View all posts

Stearns Super Center

By: Lisa Loewen

Stearns Super Center

It can be difficult for a small, specialty-flooring store to survive in a world where big box stores and online shopping have taken over the market. However, Stearns Super Center in Topeka is thriving because it offers something those others can’t: unparalleled customer service.

“We are here from the time you first show up to look at possibilities through the entire process, until you are walking on your new floor covering,” Owner Steve Lowry said.

Stearns Super Center has been serving the Topeka community since 1929; however, Steve is relatively new to the business, having purchased the company in 2011.

Steve was already somewhat familiar with Stearns Super Center because as the owner of multiple rental properties he was in and out of the store all of the time. On a whim, he asked the owner if he was interested in selling the business. Two years later, Steve took over the company. While he was good with the numbers (Steve holds a PhD in statistics), Steve had to learn the ins and outs of a retail-flooring store.

Steve attributes most of the store’s success over the past 15 years to his knowledgeable team, many of whom were working at the company long before Steve took over as owner.

“I couldn’t do this without them,” Steve said. “I learn more from them than they do from me.”

Steve knew from day one that he wasn’t going to try to manage the store. He serves as the visionary, setting goals, looking at the big picture. He leaves the daily operations up to Heath Ketron, who has been employed at Stearns Super Center for more than 20 years. During that time, Heath has seen the industry change. Big box stores have cut into the profit margins, but they can’t offer the same level of expertise and customer service as a store specializing only in flooring.

“Our quality is better here,” Heath said. “Our selection is better. Our service is better. You won’t find that at those other stores.”

Larry Moore, who has also been with the store for the past 20 years agrees, and said one of the biggest problems with the large megastores is the high turnover rate internally—something Stearns Super Center doesn’t contend with.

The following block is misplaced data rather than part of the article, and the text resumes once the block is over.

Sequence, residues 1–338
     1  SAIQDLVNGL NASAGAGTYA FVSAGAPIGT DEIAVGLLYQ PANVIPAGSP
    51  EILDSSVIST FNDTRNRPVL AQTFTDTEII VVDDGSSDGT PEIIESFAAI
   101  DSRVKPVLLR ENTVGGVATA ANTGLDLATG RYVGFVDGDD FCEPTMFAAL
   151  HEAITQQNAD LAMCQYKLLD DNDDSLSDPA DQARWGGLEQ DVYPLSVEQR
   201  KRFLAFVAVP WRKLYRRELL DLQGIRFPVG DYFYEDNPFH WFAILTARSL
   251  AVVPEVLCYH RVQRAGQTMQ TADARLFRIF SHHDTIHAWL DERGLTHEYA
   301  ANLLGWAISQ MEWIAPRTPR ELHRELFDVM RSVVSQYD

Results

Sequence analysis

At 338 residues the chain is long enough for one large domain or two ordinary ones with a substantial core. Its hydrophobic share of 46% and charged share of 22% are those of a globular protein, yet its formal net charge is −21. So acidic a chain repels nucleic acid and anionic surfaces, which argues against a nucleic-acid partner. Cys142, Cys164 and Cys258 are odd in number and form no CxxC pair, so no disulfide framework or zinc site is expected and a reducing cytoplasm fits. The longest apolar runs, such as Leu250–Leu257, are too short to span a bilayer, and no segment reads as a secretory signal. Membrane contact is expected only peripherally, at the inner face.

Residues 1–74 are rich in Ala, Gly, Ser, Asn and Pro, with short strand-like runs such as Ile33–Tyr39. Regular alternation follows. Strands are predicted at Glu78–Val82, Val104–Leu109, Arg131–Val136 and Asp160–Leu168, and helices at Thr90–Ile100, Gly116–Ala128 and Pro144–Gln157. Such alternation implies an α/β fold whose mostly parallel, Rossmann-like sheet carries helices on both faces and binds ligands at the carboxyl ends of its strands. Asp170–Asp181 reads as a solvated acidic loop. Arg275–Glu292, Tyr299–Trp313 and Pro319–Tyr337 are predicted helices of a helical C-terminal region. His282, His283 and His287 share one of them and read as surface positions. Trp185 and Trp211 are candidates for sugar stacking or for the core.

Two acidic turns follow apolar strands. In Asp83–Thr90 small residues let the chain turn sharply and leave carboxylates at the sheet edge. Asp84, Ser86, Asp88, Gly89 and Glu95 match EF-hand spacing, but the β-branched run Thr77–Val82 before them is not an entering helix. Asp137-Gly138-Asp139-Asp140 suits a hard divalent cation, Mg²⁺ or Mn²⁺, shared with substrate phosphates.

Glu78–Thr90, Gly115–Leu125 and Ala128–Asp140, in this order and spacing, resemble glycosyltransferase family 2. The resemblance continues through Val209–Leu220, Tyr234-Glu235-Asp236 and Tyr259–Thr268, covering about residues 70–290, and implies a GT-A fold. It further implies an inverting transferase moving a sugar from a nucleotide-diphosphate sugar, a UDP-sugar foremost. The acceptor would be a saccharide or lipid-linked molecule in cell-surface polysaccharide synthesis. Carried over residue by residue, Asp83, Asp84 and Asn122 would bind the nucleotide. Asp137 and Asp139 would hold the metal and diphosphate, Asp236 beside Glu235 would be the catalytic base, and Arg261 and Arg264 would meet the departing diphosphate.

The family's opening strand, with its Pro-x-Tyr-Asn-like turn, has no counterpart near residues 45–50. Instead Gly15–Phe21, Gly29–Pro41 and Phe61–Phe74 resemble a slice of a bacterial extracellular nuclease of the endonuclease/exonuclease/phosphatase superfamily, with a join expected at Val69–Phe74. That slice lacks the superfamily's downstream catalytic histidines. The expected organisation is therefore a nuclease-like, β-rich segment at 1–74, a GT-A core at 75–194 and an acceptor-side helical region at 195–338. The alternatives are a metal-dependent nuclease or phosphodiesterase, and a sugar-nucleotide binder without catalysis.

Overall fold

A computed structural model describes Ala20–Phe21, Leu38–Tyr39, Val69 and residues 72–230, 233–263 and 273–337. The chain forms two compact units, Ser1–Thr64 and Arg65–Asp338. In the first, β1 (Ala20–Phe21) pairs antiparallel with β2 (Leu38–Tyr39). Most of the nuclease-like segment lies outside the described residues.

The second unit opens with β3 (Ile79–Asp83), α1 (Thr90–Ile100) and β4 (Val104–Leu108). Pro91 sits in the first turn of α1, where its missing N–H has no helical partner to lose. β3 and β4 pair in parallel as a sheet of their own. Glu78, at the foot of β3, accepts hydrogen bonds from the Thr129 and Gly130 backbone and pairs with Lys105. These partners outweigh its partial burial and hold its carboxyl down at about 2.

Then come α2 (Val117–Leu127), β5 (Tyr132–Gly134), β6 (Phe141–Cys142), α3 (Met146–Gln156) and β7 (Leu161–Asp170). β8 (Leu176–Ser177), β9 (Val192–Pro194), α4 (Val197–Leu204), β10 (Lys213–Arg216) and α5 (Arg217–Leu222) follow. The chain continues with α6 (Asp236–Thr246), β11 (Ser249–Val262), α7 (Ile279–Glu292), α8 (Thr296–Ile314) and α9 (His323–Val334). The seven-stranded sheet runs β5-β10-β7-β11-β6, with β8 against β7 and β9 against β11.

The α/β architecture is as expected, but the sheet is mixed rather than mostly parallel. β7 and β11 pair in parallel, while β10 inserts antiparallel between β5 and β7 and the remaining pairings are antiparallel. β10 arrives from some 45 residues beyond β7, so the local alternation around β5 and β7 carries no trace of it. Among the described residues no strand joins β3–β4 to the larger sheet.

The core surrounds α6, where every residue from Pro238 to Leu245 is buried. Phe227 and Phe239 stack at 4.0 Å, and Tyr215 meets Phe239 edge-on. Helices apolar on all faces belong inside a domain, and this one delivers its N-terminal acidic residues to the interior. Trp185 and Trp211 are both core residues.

“We all take care of each other here,” Larry said. “We have each other’s backs and we all work together to make the company a success.”
Another more recent challenge local flooring stores such as Stearns Super Center face is the consumer shift to online shopping.

“I was naïve enough to think people wouldn’t shop for flooring online,” Steve said. “I was wrong about that.”

While they may do their initial shopping online, according to Darren Cuffel, who has been with the store since 2005, customers still want to come in and talk to an expert before they actually buy.

“Our guys come with the product knowledge to help customers decide what is best for their needs,” Darren said. “We actually hope they price shop us too because they will find we can offer competitive pricing as well as our expertise.”

While Steve enjoys all aspects of the business, one thing means more to him than everything else.

“I get to help support five families with this endeavor,” Steve said. “My employees invest heavily in me. I have to do what it takes to make sure their families thrive as well.”

That passion for helping others also fuels Steve’s drive to help his fellow business owners and his community. As an Envista board member, he sees first hand the difference a helping hand can make.

“When I started searching for a financial partner many years ago, I was horrified that none of the banks had any interest in doing business with me,” Steve said. “Envista took a risk on me, and now I want that next guy who needs to borrow money—even if it’s only $50—to have someone actually listen to them as well.”

Photo by David Vincent
Article written by Lisa Loewen
Lisa Loewen teaches journalism at the University of Kansas since 2004 and is editor-in-chief of TK Business Magazine. Her extensive writing experience includes magazine, newspaper and broadcast, advertising copy for print and television, as well as academic articles.